What Kind of Dentist Will Succeed in the Future?

light bulb on chalk board

A Repeat of the Past or an Invention of the Future

Dentists have been completely acculturated into believing the future of the dental business would always be a repeat of the past. Depending on a past-based practice model gave dentists — particularly those in solo dental practice — a level of certainty, stability, permanence, and constancy. Wherever you have a predictable future, all you need to do to be successful is simply do what other people have done before, but do it better, more, or differently. Nevertheless, that is simply, more, better, and different of the same thing.

So dentists, dental consultants, and dental associations marched in lockstep toward a future that was basically a replica of the past. Sure, dentists today have really cool bells and whistles that their forefathers would have applauded; computer-generated practice management, digital imaging, lasers, 3D imaging, and a lot more square footage per operatory, with way-cooler chairs and delivery systems and eye-catching art in the waiting room. But when you break it down, today’s dental practice is simply a modernization of what has always and already been.

What’s Next for the Dental Business?

So, what happens when the future becomes unpredictable? What occurs when there is no history to rely on, no past to bank on, or established model to have faith in? Now what? What does a dentist do when the future is uncharted, volatile, and capricious? What does a dentist do when the future is not an extension of the past?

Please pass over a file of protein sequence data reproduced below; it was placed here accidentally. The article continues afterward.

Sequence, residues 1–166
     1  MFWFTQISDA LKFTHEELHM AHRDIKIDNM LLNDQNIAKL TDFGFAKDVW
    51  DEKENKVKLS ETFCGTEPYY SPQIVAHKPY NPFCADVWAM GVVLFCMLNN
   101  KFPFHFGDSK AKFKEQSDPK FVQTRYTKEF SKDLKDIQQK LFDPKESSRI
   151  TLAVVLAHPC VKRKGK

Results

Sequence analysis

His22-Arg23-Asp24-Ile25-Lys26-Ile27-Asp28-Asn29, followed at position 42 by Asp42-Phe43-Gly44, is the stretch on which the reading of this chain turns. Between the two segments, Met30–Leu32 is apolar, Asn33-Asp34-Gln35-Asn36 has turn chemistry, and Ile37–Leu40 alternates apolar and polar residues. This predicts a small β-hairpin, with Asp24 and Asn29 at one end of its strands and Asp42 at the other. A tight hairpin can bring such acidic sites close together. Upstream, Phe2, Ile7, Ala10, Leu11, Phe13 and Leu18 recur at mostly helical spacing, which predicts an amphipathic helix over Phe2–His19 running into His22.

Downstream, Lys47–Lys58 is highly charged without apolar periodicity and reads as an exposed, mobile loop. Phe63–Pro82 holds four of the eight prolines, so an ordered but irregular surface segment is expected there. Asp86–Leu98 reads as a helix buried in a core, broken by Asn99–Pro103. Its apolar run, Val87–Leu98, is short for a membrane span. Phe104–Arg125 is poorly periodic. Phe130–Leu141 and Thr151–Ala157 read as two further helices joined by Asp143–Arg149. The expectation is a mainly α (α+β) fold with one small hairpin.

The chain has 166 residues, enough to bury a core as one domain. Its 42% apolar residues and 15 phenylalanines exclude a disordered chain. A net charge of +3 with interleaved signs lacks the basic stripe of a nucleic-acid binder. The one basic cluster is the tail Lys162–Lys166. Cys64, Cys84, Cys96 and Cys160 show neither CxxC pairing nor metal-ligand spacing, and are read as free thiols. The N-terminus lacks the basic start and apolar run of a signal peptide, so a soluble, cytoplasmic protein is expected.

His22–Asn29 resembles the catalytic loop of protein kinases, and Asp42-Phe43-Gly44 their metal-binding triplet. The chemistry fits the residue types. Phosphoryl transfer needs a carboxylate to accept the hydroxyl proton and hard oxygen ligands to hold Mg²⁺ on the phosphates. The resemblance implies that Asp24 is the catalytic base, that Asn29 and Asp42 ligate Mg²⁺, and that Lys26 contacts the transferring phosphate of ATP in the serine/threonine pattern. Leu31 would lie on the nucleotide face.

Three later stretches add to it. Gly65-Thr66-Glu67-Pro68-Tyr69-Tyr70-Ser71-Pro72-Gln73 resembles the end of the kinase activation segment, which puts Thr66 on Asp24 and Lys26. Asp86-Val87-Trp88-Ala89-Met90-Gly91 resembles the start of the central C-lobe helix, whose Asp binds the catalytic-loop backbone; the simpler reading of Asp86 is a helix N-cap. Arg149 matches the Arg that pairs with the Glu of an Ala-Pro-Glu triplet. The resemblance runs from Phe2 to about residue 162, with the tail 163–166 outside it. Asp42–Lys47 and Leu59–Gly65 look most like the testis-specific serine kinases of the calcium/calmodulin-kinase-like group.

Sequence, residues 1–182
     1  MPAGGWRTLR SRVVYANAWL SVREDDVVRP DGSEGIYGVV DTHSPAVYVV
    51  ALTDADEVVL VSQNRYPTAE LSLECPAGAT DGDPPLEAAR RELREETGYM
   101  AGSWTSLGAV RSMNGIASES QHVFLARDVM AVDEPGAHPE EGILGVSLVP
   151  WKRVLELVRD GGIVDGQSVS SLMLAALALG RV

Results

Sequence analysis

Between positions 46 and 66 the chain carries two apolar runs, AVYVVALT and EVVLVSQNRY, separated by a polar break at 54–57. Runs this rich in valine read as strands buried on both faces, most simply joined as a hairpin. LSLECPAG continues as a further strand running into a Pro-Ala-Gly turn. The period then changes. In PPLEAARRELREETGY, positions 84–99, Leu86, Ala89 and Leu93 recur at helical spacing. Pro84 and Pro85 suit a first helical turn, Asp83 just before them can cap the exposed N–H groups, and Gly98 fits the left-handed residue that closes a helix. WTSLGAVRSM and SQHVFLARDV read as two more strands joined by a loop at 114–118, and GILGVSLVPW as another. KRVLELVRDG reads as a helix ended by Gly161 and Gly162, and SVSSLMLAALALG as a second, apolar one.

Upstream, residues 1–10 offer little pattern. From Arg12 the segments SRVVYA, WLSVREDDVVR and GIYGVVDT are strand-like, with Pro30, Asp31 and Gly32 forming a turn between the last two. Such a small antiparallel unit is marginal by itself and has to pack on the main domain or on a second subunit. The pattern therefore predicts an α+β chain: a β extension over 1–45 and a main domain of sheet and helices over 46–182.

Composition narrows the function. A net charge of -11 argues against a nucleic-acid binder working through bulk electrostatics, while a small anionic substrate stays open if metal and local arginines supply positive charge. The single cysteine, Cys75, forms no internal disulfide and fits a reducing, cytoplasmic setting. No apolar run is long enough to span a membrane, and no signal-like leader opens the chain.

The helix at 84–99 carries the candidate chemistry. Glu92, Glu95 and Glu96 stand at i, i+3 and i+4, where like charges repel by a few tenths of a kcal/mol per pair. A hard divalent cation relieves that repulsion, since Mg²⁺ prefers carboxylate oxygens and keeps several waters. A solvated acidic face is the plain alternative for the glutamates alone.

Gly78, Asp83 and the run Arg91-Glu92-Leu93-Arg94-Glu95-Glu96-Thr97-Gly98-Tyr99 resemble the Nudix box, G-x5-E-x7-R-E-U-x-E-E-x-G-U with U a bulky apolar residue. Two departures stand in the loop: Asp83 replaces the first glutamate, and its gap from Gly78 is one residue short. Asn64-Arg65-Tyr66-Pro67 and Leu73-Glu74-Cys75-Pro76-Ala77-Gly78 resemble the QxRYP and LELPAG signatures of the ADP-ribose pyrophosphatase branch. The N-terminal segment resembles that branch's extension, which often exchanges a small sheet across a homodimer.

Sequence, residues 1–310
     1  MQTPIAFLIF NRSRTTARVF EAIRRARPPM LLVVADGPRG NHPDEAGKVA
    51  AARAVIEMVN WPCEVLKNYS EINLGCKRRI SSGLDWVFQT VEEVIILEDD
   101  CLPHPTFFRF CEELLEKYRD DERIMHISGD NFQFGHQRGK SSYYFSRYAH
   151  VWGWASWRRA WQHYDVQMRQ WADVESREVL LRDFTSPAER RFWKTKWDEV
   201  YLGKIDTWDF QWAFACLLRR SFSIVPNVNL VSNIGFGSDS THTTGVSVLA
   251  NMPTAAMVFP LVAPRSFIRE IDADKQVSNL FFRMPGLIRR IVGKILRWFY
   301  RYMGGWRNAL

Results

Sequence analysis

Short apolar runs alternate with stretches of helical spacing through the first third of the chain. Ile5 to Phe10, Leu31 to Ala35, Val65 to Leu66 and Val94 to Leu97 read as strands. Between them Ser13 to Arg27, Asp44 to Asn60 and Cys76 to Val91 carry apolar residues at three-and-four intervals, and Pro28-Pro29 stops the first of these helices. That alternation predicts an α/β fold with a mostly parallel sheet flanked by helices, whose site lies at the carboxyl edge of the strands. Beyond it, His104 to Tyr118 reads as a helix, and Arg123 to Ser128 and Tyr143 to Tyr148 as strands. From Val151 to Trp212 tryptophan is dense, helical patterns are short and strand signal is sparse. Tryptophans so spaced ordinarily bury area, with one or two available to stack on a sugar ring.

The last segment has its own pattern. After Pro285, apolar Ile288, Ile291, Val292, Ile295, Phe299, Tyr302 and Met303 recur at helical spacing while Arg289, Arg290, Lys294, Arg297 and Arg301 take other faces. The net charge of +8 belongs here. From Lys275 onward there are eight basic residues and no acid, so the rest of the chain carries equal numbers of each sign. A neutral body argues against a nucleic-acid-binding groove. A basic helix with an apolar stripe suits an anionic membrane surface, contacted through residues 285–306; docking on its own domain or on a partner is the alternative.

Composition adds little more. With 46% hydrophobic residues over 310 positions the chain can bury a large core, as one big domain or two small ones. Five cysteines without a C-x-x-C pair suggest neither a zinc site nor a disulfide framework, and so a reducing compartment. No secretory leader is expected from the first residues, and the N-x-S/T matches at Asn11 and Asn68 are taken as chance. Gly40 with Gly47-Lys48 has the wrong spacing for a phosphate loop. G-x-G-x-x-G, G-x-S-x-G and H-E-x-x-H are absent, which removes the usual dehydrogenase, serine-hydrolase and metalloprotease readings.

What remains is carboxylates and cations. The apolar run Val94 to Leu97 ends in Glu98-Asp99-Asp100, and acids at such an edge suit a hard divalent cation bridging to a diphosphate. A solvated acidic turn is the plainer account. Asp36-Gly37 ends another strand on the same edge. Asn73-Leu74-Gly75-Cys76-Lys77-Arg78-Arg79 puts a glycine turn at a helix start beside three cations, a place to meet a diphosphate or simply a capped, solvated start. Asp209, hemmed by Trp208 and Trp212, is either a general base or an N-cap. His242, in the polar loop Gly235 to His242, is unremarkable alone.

Regrettably, the past is now history. The changes that are occurring are permanently and forever altering dental practice. Building a future based on the past is like building a communication system based on landlines and rotary phones.

This is the perfect setting for entrepreneurs to succeed. But most dentists are not entrepreneurs. Entrepreneurs are risk-takers, whereas most dentists are risk-averse. Entrepreneurs are big-picture, visionary thinkers, whereas most dentists are linear, functional thinkers. Entrepreneurs don’t design themselves or their work to avoid failure; most dentists design themselves and their work to be safe. Entrepreneurs are bold, dynamic, courageous, and highly inventive — all of which are characteristics not frequently found in dentists.

An entrepreneur is an enterprising person who comes up with unique ideas for a business model. They stand in a future that is possible and they risk themselves, their assets, and their goodwill to turn that possibility into a reality. This might explain why managed-group practice is experiencing such explosive growth — their CEOs and founders are entrepreneurs. And this might also explain why “traditional” solo practice is headed for troubled waters, given their leadership and advisers have both feet planted firmly in the past.

Entrepreneurs see a future that is possible — a future that has never been done before, and then go out and make that future happen. And these entrepreneurs are emerging in both managed-group practice and concierge dentistry.

Don’t Miss Your Opportunity

As I keep saying, this is an extraordinary time to be a dentist-entrepreneur because you have the opportunity to reinvent yourself and elevate your expression and your mission for unparalleled success. Do not waste the opportunity. It will not come again.

 

— Marc

 

 

 

 

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